A visit to the City of Angels can be both daunting and expensive — if you don’t have a proper plan. With our guide to visiting Los Angeles on a budget, you can make sense of the mind-boggling number of things to do. 

If you’re headed to the Southern Californian hub on a tight budget, here are a few ideas to help you stretch those dollars.

Check out 5 day trip ideas from Los Angeles while you’re at it! 

Photo by Matthew Lejune


Although Couchsurfing or Airbnbing a private UCLA bunkbed for $25 a night is always an option, staying in a shared room at a local hostel is a much more popular and affordable accommodation choice. Some of America’s most talked-about hostels are located in LA, including USA Hostels Hollywood off Hollywood Boulevard, Hostelling International in the Westside, and Samesun Venice Beach on the Venice Beach Boardwalk. When in doubt, peruse Hostelworld, and note that rates for shared dormitories typically range between $35 and $50 a night.


We won’t lie to you — public transportation in LA is far from popular. But it does exist. MTA offers buses and subway trains, with $1.75 base fares and $7 day passes. Keep in mind, however, that even with a pass, you may be required to pay more if you travel between zones. To help navigate the city, utilize Metro Trip Planner. Also note that although public transit is the cheapest way to get around, it’s not the most efficient and can often add to your travel time. So, if you’re not into waiting, plan to spend a chunk of your budget on a rental car.

Photo by Olenka Kotyk
Photo by Riana Singh


If you’re rip-roaring to go and have a particular list of sites and activities you’d like to check off your LA bucket list, consider purchasing a GO card. You can choose from one- to seven-day cards that are activated on first use and good for free admission to dozens of attractions across the city. If you’re not sure if a GO card is worth the up-front cost, plan your ideal itinerary beforehand to determine if the investment will actually save you money.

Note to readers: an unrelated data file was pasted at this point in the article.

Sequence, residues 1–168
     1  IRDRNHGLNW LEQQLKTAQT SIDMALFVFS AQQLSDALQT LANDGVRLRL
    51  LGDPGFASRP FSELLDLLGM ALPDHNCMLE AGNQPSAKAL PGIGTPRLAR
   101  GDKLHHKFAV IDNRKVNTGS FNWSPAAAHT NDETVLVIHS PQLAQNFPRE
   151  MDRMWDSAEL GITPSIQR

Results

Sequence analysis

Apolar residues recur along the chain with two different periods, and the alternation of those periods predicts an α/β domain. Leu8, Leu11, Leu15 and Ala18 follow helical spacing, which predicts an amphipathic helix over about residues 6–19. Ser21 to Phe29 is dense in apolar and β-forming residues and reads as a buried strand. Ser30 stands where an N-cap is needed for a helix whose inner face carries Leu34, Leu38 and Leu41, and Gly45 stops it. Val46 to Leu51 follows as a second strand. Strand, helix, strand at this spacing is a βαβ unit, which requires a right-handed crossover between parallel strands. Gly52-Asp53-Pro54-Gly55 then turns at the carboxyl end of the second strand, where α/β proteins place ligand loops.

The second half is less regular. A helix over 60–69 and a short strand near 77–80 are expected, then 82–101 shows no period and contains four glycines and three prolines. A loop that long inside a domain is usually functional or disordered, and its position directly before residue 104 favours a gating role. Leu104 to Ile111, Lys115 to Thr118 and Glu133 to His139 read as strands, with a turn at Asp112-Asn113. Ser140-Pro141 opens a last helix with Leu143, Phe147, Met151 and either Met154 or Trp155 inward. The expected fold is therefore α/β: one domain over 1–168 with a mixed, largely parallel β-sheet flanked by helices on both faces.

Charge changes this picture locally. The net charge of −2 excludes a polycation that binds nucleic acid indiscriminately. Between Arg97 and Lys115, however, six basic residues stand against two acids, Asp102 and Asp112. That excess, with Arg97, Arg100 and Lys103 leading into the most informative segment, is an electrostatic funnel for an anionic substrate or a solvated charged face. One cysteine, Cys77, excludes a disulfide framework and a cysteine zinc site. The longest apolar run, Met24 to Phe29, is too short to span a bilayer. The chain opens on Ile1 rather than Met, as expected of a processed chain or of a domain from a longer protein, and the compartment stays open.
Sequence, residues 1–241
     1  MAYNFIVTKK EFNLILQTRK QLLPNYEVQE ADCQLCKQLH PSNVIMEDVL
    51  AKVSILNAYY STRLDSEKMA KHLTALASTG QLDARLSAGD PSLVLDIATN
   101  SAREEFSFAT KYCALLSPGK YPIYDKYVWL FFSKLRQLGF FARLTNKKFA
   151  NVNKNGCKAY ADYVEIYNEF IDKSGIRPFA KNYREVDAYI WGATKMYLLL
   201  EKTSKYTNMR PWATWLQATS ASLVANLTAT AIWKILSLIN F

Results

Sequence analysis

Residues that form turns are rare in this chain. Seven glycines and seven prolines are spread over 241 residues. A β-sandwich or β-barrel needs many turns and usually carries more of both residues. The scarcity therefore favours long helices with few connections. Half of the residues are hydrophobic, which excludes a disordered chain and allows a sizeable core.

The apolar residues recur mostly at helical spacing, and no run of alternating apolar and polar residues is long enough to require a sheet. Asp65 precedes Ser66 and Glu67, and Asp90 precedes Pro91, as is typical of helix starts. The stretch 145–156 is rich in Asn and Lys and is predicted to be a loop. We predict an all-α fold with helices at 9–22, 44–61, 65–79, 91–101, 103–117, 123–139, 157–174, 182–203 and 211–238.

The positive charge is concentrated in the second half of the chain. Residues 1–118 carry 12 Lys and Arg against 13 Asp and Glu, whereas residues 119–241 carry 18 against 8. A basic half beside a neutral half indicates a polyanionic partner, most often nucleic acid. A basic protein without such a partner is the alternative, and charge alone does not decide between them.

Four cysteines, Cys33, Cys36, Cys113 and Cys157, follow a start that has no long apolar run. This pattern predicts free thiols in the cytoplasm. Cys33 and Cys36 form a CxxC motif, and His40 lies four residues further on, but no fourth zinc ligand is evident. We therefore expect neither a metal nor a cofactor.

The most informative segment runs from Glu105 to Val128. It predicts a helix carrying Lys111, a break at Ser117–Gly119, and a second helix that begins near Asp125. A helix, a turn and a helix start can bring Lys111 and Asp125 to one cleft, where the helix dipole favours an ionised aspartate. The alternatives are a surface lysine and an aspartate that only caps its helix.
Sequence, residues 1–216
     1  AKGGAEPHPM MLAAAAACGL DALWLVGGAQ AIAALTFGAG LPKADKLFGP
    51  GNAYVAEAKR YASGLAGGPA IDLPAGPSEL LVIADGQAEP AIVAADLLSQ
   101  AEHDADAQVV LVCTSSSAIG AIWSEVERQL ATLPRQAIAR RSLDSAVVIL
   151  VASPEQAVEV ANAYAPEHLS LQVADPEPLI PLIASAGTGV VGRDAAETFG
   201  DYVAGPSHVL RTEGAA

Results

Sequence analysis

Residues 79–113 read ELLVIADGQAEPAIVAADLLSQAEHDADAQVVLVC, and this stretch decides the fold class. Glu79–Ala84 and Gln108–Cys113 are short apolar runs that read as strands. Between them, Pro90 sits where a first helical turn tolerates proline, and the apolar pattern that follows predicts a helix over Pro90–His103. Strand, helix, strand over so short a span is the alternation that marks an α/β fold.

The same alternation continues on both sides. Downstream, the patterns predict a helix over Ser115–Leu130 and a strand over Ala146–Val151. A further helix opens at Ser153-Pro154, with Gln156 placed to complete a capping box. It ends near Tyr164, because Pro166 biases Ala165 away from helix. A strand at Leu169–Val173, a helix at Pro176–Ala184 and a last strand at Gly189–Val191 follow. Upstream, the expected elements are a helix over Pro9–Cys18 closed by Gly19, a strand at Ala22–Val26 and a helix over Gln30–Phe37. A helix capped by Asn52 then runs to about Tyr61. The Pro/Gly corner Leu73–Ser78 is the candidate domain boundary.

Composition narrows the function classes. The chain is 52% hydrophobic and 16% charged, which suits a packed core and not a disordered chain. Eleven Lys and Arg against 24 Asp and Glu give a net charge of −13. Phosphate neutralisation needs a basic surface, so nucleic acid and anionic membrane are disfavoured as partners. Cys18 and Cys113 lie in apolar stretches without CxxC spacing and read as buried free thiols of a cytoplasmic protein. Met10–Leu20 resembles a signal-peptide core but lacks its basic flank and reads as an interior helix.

Food in Los Angeles is significantly more expensive than the national average, so make sure you read those menu prices with care. To find cheap eats in the city, you have three main options: food trucks, hole-in-the-wall restaurants, and fast-food icons. The gourmet food truck explosion in the city has led to some really exceptional food at lower price points (we’re talking $5 short rib sliders from the Kogi BBQ truck). LA’s rich ethnic diversity has resulted in some of the best hole-in-the-wall restaurant choices anywhere — so whether you have a hankering for a stir fry with rice or an enchilada combo, most dishes will only cost you about $6 to $8. And lastly, be sure to check out the area’s fast-food icons, including In-N-Out Burger, Pink’s Hot Dogs, and Tito’s Tacos — there’s a reason Californians are obsessed with them.

Photo by Cory J. Fauver


Meander along this 15-block stretch of sidewalk and spot the stars honoring your favorite celebrities. The Walk of Fame runs east to west on Hollywood Boulevard from Gower Street to La Brea Avenue and north to south on Vine Street from Yucca Street to Sunset Boulevard. Of the 2,600-plus stars, one of the most popular is Marilyn Monroe’s, while the most vandalized currently belongs to Donald Trump. Make of that what you will.